||[Apr. 30th, 2017|01:29 pm]
Mathematics is perceived as a difficult subject by most people and feelings of insufficiency are very common, among both laymen and professionals. This is not strange. Mathematics is difficult and demanding, just like classical music or athletics may be very difficult and demanding, which may create a lot of negative feelings for students pushed to perform. There is no way to eliminate all the difficulties met in these areas, except by trivialization. Following Einstein, one should always try to make Science and education based on Science as simple as possible, but not simpler.
In music and athletics the way out in our days is clear: the student who does not want to spend years on practicing inventions by Bach on the piano, or to become a master of high-jump, does not have to do so, but can choose some alternative activity. In mathematics this option is not available for anyone in elementary education, and not even an arts student at an American college may get away without a calculus course, not to speak of the engineering student who will have to pass several mathematics courses.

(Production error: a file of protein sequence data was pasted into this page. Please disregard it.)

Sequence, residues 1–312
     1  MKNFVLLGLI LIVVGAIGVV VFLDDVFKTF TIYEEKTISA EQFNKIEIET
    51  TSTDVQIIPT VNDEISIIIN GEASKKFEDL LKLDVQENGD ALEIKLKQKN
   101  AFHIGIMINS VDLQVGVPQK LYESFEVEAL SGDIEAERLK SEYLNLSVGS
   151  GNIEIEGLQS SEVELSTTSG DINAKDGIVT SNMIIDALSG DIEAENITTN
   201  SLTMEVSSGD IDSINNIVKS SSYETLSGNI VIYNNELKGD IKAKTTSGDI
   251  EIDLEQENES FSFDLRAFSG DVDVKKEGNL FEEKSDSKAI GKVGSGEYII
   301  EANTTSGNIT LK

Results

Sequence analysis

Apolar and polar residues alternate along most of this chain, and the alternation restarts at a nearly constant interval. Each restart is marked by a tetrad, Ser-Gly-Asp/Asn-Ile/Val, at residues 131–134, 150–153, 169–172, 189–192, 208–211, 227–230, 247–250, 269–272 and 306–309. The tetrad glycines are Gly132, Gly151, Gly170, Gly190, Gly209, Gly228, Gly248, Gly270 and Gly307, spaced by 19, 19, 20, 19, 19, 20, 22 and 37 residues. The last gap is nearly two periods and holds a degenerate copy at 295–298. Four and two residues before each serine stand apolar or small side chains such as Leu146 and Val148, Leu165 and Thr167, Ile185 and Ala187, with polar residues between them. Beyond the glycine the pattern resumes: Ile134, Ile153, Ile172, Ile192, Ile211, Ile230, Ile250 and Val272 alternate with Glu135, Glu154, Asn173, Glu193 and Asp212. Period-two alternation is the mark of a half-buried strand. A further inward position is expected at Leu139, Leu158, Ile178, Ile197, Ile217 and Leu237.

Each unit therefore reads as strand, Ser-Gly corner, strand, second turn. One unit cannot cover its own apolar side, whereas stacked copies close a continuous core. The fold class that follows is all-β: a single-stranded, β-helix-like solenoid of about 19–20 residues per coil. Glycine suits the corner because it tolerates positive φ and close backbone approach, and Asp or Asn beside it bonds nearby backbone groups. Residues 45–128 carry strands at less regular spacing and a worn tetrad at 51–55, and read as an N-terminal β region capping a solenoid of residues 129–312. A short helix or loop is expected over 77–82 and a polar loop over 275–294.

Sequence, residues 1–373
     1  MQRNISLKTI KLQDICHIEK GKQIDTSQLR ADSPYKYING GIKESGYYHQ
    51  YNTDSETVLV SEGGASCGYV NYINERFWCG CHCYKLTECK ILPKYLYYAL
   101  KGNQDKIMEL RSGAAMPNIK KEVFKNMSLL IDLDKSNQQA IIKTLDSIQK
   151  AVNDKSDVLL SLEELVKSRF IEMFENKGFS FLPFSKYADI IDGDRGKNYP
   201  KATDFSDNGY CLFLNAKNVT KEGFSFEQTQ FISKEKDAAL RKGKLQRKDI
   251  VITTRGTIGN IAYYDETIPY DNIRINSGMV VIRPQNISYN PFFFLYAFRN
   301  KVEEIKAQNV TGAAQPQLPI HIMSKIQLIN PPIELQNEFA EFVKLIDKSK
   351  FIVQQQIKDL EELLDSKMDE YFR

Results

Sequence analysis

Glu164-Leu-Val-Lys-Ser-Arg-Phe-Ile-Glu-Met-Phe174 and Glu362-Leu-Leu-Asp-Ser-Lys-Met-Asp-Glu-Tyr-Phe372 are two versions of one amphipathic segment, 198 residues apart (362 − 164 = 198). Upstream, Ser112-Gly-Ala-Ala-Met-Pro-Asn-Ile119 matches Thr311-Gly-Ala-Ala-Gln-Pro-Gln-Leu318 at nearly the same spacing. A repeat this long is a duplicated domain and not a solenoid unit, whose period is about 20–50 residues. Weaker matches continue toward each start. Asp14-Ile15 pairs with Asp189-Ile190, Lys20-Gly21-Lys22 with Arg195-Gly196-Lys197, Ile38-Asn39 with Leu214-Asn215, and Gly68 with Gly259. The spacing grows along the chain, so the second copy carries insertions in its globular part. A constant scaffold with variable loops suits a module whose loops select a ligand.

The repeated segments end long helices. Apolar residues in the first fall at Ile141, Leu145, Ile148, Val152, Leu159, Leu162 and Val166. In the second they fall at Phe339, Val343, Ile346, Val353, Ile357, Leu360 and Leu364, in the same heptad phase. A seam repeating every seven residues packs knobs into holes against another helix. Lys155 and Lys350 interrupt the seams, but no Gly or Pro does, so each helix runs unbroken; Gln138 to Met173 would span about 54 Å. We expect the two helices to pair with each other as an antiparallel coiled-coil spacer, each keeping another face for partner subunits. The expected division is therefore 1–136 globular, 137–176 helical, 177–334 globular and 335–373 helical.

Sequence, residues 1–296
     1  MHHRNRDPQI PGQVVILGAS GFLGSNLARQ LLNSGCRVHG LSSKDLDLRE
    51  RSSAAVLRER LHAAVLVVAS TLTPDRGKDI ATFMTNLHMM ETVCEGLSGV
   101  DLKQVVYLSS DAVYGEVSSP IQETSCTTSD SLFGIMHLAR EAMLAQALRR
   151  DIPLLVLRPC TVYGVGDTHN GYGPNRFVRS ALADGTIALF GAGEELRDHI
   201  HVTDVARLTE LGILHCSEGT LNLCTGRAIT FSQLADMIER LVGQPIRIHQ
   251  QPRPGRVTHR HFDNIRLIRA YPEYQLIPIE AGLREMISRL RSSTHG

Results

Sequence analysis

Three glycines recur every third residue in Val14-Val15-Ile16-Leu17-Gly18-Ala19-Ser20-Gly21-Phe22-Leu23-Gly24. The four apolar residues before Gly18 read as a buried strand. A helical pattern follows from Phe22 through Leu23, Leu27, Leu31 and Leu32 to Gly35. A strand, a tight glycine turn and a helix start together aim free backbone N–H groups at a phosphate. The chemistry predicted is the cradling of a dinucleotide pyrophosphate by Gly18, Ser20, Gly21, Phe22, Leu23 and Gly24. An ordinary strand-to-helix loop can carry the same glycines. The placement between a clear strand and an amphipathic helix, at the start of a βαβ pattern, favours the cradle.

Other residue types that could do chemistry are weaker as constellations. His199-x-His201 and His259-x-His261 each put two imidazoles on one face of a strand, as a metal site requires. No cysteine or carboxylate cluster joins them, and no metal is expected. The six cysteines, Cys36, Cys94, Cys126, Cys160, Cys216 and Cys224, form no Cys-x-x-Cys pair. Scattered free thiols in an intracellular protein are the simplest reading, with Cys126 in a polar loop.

Mathematics education is thus compulsory for large groups of students, and since mathematics is difficult, for students on all levels, problems are bound to arise. These problems, apparent for everybody, form much of the motivation behind the task of the Mathematics Delegation.
“Dreams of calculus: Perspectives on mathematics education” by Johan Hoffman, Claes Johnson, and Anders Logg.